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M.E. Guido, E. Garbarino-Pico, A.R. Carpentieri, D.C. Silvestre, M.I. Keller-Sarmiento, R.E. Rosenstein; Synthesis of Melatonin in Chick Retinal Ganglion Cells. Light Effect and Circadian Regulation . Invest. Ophthalmol. Vis. Sci. 2003;44(13):2271.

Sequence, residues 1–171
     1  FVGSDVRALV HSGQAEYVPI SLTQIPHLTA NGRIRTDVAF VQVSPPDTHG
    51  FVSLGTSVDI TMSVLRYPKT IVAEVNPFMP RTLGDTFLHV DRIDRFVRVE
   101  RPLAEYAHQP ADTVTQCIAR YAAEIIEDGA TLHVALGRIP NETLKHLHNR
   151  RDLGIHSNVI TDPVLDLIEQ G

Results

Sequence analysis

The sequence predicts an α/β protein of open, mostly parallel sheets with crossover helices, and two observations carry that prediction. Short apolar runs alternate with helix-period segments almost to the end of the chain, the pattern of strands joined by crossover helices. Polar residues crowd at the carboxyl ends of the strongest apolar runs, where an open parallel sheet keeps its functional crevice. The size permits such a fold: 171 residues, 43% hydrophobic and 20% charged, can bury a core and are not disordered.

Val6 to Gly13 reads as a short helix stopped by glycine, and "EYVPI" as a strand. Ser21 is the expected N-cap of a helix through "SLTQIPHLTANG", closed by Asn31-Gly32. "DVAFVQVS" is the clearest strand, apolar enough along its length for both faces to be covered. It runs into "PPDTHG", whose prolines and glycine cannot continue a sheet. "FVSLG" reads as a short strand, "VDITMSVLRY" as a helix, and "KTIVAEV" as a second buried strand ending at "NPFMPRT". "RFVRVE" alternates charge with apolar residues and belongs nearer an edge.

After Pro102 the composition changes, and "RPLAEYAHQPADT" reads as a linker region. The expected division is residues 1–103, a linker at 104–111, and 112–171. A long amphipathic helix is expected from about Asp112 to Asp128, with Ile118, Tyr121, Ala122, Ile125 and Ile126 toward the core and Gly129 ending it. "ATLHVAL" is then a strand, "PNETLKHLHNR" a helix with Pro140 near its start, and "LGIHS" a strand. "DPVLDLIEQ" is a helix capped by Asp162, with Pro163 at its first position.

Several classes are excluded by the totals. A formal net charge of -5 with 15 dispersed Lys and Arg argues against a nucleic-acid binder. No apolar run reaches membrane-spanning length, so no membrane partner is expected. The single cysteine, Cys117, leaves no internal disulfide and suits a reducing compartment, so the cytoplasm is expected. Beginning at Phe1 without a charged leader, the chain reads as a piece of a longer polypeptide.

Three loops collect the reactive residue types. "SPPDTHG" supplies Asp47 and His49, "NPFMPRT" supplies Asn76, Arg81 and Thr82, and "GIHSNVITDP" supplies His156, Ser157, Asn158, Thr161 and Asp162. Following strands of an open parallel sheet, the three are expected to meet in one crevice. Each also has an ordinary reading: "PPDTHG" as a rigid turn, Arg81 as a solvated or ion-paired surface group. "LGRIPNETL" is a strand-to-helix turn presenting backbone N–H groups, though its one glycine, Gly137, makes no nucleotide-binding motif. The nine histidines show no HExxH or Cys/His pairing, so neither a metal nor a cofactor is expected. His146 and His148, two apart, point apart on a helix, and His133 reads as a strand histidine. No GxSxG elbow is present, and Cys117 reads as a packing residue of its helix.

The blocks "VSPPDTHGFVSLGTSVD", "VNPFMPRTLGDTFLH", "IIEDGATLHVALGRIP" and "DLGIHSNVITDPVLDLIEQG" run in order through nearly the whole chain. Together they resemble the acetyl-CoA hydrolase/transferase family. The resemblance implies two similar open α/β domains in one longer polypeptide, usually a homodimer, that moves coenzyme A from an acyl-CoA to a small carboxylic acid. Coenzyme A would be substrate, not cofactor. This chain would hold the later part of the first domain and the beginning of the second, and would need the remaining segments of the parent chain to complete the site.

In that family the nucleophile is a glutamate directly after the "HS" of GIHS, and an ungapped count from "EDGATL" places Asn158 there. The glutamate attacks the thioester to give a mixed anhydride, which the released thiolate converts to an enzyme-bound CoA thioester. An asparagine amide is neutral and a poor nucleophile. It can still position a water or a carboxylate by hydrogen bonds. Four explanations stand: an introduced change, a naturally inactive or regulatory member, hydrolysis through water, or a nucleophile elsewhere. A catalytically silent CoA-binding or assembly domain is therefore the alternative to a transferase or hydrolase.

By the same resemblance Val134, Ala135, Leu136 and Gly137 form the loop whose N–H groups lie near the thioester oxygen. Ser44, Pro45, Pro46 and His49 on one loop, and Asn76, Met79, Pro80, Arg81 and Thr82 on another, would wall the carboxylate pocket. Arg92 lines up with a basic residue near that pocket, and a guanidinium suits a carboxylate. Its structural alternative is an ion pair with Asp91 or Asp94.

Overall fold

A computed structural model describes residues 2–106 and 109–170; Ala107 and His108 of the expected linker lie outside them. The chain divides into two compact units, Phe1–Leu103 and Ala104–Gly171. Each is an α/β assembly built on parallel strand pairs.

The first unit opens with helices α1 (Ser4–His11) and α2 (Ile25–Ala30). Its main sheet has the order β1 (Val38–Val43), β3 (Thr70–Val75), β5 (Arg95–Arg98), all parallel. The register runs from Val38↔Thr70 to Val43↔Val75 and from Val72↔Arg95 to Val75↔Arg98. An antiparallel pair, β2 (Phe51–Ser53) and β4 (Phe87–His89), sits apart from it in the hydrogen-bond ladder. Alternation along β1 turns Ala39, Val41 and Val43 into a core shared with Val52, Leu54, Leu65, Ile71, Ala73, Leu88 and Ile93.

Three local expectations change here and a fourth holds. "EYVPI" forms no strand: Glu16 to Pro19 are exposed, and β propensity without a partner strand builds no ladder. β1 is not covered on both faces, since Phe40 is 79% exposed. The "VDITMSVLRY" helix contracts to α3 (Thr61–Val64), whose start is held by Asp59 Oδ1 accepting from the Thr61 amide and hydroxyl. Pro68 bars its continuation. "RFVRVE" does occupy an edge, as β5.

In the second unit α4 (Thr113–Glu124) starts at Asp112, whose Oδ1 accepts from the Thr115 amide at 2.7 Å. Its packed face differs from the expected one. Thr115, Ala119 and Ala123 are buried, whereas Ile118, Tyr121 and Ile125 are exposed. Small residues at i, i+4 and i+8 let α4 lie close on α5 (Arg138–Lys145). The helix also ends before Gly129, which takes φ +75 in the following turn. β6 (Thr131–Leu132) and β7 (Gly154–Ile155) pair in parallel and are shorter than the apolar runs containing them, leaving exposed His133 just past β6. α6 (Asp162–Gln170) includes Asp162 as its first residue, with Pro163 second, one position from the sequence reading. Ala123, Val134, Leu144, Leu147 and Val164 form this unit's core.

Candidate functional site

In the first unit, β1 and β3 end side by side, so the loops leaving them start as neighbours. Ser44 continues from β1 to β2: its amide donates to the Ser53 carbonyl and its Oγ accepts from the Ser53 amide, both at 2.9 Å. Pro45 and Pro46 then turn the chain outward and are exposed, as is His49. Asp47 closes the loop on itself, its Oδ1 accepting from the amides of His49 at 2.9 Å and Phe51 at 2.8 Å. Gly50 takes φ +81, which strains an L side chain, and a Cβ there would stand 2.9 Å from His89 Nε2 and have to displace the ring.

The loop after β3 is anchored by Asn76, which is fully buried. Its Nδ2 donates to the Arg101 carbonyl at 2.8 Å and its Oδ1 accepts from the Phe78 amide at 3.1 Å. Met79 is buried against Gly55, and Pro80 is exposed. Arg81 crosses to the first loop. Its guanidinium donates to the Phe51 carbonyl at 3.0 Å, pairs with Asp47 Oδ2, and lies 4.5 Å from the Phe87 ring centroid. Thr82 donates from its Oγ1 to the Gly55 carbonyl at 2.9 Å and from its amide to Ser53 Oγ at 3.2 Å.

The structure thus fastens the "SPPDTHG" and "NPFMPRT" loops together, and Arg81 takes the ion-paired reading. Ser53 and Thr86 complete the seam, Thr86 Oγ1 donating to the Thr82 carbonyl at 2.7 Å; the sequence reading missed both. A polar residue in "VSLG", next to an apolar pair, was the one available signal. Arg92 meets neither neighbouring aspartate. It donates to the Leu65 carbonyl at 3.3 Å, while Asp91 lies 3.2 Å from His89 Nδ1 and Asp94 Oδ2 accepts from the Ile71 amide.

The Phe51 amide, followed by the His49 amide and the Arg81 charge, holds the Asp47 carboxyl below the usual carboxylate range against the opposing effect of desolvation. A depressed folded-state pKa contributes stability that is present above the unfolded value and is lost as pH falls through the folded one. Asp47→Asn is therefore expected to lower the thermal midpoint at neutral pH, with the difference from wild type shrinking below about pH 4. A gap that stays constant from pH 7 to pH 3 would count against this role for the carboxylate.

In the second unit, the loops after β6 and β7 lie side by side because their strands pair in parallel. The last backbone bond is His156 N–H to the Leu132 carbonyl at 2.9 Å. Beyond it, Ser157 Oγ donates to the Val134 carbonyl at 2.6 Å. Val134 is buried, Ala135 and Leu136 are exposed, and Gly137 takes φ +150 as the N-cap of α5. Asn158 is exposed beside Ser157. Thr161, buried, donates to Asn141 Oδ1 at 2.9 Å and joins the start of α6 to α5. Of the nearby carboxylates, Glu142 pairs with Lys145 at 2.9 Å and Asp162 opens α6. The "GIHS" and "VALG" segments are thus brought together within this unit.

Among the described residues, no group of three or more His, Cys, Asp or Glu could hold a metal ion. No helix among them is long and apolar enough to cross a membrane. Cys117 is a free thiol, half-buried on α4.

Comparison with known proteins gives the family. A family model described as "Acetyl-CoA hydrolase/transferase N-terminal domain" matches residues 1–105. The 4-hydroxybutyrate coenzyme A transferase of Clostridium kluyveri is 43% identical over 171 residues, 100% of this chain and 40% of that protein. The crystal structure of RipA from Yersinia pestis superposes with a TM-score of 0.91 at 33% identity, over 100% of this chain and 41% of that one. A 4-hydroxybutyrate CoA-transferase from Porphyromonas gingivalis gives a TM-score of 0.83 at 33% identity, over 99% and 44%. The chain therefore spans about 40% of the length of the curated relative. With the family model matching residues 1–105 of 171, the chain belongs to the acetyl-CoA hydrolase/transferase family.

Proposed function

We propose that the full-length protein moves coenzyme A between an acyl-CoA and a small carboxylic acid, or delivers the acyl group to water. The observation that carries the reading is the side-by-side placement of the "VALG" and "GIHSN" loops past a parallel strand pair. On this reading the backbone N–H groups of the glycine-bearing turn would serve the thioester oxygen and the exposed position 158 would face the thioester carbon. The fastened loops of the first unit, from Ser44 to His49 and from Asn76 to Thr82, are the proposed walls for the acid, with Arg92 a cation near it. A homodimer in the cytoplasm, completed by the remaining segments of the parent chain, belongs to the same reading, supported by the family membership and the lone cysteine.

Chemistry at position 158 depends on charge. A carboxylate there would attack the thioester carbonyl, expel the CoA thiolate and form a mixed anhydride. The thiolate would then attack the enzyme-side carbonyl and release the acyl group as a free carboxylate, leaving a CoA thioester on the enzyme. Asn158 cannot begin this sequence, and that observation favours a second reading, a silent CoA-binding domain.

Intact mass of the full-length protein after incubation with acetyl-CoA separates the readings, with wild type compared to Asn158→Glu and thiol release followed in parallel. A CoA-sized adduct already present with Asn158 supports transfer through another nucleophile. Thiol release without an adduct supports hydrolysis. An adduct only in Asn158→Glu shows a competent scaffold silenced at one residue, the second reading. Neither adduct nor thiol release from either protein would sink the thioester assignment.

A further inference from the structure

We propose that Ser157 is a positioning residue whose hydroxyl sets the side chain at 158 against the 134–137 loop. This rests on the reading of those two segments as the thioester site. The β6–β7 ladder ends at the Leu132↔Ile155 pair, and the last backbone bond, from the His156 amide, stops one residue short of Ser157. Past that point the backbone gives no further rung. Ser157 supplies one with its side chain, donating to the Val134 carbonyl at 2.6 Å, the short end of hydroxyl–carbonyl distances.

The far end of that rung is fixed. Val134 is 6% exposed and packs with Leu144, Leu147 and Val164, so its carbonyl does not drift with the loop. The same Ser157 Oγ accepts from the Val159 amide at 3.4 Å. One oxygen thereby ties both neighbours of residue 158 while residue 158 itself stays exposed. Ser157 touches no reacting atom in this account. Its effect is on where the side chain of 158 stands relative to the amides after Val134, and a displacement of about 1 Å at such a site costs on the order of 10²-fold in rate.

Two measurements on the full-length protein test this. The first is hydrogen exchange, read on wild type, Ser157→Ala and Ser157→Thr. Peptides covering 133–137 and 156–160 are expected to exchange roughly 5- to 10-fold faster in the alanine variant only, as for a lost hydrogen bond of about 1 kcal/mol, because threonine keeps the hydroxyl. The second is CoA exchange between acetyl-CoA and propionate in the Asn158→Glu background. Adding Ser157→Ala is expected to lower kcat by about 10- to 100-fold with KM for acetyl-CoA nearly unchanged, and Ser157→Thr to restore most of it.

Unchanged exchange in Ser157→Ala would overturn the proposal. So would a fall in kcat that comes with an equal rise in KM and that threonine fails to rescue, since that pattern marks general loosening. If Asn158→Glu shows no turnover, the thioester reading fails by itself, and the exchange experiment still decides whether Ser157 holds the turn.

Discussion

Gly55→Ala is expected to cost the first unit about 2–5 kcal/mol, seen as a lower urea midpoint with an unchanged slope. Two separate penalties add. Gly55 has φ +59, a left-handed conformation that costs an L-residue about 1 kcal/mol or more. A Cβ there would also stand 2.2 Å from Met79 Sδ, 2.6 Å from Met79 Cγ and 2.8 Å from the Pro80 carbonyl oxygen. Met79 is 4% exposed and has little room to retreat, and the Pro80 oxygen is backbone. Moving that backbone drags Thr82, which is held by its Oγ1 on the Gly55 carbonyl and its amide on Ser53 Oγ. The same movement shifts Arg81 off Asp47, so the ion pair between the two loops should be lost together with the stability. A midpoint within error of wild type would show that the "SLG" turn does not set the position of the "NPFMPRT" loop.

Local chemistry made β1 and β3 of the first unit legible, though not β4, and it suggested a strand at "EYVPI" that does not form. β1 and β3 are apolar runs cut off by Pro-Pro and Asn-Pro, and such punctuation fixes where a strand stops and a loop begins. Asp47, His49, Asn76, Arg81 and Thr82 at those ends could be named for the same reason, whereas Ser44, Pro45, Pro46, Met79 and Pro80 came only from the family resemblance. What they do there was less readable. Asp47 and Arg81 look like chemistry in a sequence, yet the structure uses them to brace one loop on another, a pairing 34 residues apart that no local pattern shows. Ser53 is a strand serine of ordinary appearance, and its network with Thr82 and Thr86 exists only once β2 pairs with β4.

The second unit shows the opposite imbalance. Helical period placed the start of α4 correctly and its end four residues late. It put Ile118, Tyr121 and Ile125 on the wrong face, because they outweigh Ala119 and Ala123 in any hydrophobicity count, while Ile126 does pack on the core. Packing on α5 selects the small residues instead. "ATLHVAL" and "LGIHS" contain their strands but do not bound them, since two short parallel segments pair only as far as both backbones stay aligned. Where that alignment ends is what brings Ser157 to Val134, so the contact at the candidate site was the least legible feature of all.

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Purpose: We have previously reported that retinal ganglion cells (RGCs) synthesize melatonin rhythmically with maximal levels during the day, both in constant darkness (DD) or under the light-dark (LD) cycle. This rhythm is preceded by the elevation of cAMP levels, the 2nd messenger involved in melatonin synthesis regulation. In this context, the aim of the present work was to study the interaction between circadian and photic regulation of the RGC melatonin as well as the autonomous capacity of these cells to synthesize the methoxyindole when they are maintained in culture. Methods: Chicks entrained to a 12:12 h LD cycle were released to DD, constant light (LL) or maintained under the previous LD cycle for 48 h. Then, chicks were killed at different times, RGC preparations were obtained from lyophilized retinas (Guido et al., 1999) and the activity of arylalkylamine N-acetyl transferase (AANAT) was assessed (Champney et al., 1984). RGCs obtained from 8 day-old chicken embryos by Thy-1 antibody immunopurification (Brocco and Panzetta, 1997) were cultured in B27 supplemented DMEM (GIBCO) for several hours and synchronized by a medium exchange at time 0. Results: AANAT activity in RGCs, was significantly higher during the subjective day than during the night either in DD, LL or LD. Moreover, an acute light pulse in animals maintained in DD did not affect the diurnal peak of the enzymatic activity in RGCs. RCG cultures were capable of synthesizing melatonin, and AANAT mRNA expression showed a circadian rhythm that persisted at least during three cycles of 24 h each. RGCs were also synchronized by the addition of glutamate, the neurotransmitter involved in the retinohypothalamic tract, and rhythms of AANAT mRNA expression were observed. Conclusions: These findings support the idea that RGCs contain an endogenous circadian clock that may constitute a primary retinal oscillator during development, and that light differentially regulates the synthesis of RGC melatonin in a different manner from that previously described for photoreceptors and pineal gland.
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